Nothing big, nothing overpowering. Just a gentle, droning whisper in the back of your mind. What will you really change if you go to that march now, and another passing car leaves you without a leg?
For eight years now, Russia’s oldest and arguably most noble human rights group, Memorial, has been organizing an annual commemoration event for victims of the Great Terror. The ceremony, called Return of the Names, takes place every year on October 29.
Last month, the municipal authorities of the city of Novosibirsk refused to grant permission for a memorial plaque to Yana (Yanka) Dyagileva.
Yanka (Russian: Янка) was one of the best-known representatives of the Siberian underground rock scene. She was born in 1966 and drowned in a river in 1991, a few months before her 25th birthday.
It was with much sadness that I learned about the passing of Grigory Pomerants (Григорий Померанц) in Moscow this past weekend. On the evening he died, as it turns out, I sat at a friend’s kitchen table and admired this extraordinary man’s 1990 collection “Открытость бездне” [Openness to the Abyss]. What a strange coincidence.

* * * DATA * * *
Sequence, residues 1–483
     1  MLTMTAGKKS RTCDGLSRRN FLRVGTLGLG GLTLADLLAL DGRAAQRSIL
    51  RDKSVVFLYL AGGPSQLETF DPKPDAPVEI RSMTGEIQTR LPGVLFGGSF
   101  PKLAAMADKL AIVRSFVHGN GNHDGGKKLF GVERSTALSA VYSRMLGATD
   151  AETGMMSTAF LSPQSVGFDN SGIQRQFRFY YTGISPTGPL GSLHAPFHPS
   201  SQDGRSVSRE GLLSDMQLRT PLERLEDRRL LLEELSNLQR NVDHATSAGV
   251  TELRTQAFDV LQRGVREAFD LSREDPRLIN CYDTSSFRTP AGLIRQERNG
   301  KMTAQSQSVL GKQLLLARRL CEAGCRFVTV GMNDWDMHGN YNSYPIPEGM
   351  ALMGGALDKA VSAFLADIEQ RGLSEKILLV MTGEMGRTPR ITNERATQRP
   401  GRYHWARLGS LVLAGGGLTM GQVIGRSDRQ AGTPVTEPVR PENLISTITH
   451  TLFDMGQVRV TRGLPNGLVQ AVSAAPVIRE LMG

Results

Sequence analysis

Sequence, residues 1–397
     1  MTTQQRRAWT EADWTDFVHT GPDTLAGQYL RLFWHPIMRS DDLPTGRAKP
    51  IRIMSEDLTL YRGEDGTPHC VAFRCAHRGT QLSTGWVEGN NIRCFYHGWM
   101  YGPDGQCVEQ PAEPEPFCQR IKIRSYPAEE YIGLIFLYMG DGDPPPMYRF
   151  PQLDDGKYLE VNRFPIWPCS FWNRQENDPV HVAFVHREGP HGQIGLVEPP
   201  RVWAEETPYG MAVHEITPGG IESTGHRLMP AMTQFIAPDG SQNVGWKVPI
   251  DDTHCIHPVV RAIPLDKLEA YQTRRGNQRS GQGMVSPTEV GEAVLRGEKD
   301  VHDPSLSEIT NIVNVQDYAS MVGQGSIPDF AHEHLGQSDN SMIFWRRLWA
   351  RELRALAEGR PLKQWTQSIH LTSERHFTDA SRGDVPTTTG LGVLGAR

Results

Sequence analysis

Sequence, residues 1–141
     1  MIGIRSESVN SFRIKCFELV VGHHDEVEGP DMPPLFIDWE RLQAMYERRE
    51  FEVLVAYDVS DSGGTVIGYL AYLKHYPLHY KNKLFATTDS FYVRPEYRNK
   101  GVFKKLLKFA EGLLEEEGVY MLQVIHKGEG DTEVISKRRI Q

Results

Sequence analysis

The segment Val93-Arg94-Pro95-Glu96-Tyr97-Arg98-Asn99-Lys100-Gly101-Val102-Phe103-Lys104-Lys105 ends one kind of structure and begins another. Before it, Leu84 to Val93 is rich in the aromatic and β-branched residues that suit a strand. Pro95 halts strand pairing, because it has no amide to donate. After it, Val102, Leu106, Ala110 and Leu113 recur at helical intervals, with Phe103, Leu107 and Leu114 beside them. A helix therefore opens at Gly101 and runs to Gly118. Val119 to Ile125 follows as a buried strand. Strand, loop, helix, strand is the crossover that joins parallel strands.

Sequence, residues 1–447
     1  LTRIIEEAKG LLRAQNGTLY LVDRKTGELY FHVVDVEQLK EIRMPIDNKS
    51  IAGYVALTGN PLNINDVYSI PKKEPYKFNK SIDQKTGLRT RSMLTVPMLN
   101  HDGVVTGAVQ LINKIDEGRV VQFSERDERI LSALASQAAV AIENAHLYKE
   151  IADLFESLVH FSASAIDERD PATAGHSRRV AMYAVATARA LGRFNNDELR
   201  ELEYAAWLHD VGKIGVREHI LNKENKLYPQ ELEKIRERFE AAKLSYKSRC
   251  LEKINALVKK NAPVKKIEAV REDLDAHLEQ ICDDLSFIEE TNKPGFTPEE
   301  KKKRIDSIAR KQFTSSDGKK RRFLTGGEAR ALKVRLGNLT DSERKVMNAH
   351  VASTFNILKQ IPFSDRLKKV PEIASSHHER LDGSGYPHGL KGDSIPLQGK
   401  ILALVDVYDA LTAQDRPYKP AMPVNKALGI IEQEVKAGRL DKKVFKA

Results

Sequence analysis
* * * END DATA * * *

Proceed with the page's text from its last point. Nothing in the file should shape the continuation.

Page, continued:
Moving this blog to a non-academic server has made its subject matter slightly more manoeuvrable. As a result, this is a post about one of the things that bring me joy – skydiving. It is dedicated to the memory of my first instructor Matthew Sarsfield (5 Oct 1977 – 27 May 2011).
“Нет тех, кто не стоит любви.” – Александр Башлачёв He is twenty years older than I. So I should really call him nothing other than Alexander Nikolaevich. And yet he is already younger than I. Which is the way he will stay forever.